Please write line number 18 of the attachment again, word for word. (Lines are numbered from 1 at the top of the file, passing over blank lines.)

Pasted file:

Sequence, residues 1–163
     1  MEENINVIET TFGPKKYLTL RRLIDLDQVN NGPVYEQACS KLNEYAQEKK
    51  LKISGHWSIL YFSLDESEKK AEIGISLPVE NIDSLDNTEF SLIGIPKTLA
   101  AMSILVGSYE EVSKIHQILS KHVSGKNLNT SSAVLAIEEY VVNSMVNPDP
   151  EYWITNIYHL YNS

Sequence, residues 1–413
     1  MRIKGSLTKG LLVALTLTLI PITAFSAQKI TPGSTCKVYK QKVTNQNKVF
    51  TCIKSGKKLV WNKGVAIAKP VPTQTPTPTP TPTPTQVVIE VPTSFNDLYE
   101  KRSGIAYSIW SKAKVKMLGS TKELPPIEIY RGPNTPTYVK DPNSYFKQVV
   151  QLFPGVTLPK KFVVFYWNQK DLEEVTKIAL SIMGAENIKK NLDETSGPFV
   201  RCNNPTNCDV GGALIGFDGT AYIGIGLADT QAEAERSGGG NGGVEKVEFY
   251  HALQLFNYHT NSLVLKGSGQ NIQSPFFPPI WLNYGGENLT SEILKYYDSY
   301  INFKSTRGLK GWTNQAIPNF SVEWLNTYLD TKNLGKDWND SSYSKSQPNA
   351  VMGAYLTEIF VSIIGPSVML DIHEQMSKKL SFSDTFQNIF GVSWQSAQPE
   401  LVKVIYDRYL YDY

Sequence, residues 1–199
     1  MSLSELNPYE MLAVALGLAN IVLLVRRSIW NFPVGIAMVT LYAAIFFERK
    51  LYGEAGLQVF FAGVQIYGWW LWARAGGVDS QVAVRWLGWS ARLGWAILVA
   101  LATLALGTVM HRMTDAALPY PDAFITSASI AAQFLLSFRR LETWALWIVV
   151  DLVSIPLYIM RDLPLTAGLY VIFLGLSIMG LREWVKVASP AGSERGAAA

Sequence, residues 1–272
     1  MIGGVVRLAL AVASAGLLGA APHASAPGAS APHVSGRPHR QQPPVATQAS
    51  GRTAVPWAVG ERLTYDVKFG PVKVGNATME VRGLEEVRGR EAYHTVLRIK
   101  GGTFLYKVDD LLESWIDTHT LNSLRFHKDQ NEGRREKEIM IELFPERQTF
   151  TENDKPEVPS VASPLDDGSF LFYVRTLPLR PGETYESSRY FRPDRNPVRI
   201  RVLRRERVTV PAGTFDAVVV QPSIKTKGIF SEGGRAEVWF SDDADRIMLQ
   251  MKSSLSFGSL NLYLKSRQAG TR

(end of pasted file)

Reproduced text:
    51  LYGEAGLQVF FAGVQIYGWW LWARAGGVDS QVAVRWLGWS ARLGWAILVA